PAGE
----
We test OnLive 2.0’s game streaming to a basic netbook and android tablet to find out if it really works and whether the service is worth the fee.
“Streaming a copy of Saints Row IV downloaded via Steam and connected to an internet connection averaging a little over 6Mpbs using a year-old netbook of less-than-stellar performance, was surprisingly hassle free.”
OnLive is the cloud gaming service that allows users to stream games anywhere they have internet access and some form of screen – be it TV, laptop or tablet. It launched in 2011 and despite falling off everybody’s radar after CEO Steve Perlman crashed the company, it never actually went away. Servers kept running, people kept playing games on it and money continued to change hands.
Many of OnLive’s initial problems revolved around its confusing pricing, a comparative lack of quality content and game release dates that saw many of the service’s higher-profile titles only become available after the PC/console editions were available. Furthermore, in 2011 many parts of the world (UK included), the internet connection speeds required to stream games at a reasonable resolution/frame-rate simply didn’t exist in high enough volume to attract a wide audience.
Now, however, OnLive is going through a relaunch, with new systems and pricing models aimed at supplementing, rather than competing with, more established means of accessing and playing games. Front and centre of the new approach is CloudLift, a new OnLive service that allows you to stream games you’ve already purchased and downloaded elsewhere.
CloudLift’s major selling-point is the fact that you can play the high-quality PC games you’ve installed on your gaming rig in the likes of Starbucks or at a friend’s house via a tablet or netbook – ridding you of the hassle of carrying around your heavy and expensive gaming laptop. At present, CloudLift is only compatible with games you’ve purchased or activated through Steam. So, no, you can’t stream the PC edition of Titanfall on your tablet just yet.
The major question: does it work?
Yes, it does work. Streaming a copy of Saints Row IV downloaded via Steam, for example, and connected to an internet connection averaging a little over 6Mpbs using a year-old netbook of less-than-stellar performance, was surprisingly hassle free. No, the resolution was not as good as it is when playing straight from the HDD of the PC it was originally downloaded on to, but it performed well enough to make shorter play sessions worthwhile.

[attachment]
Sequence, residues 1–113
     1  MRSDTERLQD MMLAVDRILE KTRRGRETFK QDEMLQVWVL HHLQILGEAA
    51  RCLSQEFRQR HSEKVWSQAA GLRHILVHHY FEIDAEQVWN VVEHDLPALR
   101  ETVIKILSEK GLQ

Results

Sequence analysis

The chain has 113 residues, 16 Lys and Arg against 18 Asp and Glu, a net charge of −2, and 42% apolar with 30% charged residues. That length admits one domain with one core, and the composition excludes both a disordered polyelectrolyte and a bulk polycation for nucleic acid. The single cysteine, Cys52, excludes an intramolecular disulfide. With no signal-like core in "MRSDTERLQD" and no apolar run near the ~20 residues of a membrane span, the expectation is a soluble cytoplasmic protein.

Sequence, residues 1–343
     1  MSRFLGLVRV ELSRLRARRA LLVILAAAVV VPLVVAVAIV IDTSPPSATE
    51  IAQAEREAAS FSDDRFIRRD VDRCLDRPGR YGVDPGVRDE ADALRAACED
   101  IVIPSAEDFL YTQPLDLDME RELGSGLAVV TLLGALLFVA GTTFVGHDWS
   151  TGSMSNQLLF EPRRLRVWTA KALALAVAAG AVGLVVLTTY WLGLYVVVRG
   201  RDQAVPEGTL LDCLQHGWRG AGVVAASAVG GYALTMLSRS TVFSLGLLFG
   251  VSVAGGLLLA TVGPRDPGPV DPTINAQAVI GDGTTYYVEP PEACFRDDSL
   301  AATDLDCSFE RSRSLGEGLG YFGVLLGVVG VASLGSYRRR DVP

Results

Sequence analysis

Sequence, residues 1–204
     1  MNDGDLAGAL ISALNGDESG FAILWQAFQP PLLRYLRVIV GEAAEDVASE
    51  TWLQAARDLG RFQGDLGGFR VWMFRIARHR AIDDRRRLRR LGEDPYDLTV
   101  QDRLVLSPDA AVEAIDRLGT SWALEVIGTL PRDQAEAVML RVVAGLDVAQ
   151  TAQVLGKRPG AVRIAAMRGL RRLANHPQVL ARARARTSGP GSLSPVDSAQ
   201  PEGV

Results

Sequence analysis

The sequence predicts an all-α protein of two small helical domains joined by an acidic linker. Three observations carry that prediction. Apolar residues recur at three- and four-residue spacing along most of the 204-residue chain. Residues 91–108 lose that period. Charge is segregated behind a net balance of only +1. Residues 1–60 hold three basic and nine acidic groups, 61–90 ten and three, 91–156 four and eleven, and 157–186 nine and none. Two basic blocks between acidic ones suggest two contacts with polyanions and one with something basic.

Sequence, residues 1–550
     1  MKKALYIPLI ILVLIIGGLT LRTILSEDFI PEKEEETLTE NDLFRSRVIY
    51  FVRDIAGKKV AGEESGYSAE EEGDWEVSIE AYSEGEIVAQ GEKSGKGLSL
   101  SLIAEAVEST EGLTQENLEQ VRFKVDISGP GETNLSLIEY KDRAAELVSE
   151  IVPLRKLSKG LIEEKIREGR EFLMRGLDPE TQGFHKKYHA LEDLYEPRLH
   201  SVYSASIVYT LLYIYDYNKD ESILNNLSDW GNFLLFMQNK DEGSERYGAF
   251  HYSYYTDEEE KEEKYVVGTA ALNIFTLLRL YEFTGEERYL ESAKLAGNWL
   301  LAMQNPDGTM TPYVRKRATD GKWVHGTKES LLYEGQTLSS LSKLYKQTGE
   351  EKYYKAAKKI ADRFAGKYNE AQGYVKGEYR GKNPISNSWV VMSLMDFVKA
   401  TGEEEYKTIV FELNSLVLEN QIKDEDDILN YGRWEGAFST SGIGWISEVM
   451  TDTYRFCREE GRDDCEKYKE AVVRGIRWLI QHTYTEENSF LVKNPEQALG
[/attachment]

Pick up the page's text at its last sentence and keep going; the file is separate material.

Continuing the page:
In fact, when connected to high-speed broadband the whole system works impressively well from a technical standpoint. As well as the netbook, playing via an Android Lenovo tablet (you must have Android 3.2 or newer installed) is simple and quick once you’ve download the app and synced the official OnLive gamepad via Bluetooth. Playing Saints Row IV and Strike Suit Zero on a tablet is a novelty that, for someone like me who doesn’t spend much time exploring games on such mobile devices, still hasn’t worn off.
There is also a nice suite of spectator options that lets you watch other players playing live, as well as record and upload your own clips for others to admire later. It’s all tied into a clean and crisp navigation system that seems to be designed for a control pad rather than a mouse/keyboard and results in minimal required effort to integrate yourself into the community aspect of sharing and potentially making new friends via spectator mode.
All of the features of the Steam game you’re streaming through CloudLift are available, including the important elements of multiplayer connectivity and achievements. Most essentially, however, your saved game data is transferred between OnLive and Steam, meaning any progress you make on Saints Row IV while at Starbucks is synced and ready for you the next time you it load up directly through Steam.
“OnLive lists the minimum internet speed requirement at 2Mpbs which results, frankly, in an experience that approaches the unplayable.”
OnLive lists the minimum internet speed requirement at 2Mpbs which results, frankly, in an experience that approaches the unplayable. At lower speeds the resolution is so bad that on-screen text becomes unreadable and visuals in general become plagued with the same blocky appearance that plagues the likes of Netflix over a slower connection or when struggling to assign bandwidth when multiple devices are being used. Furthermore, input latency is a real problem at lower speeds when playing a game that requires quick and complex interaction – numerous deaths in Saints Row IV coming due to the delayed reactions of my character, for example.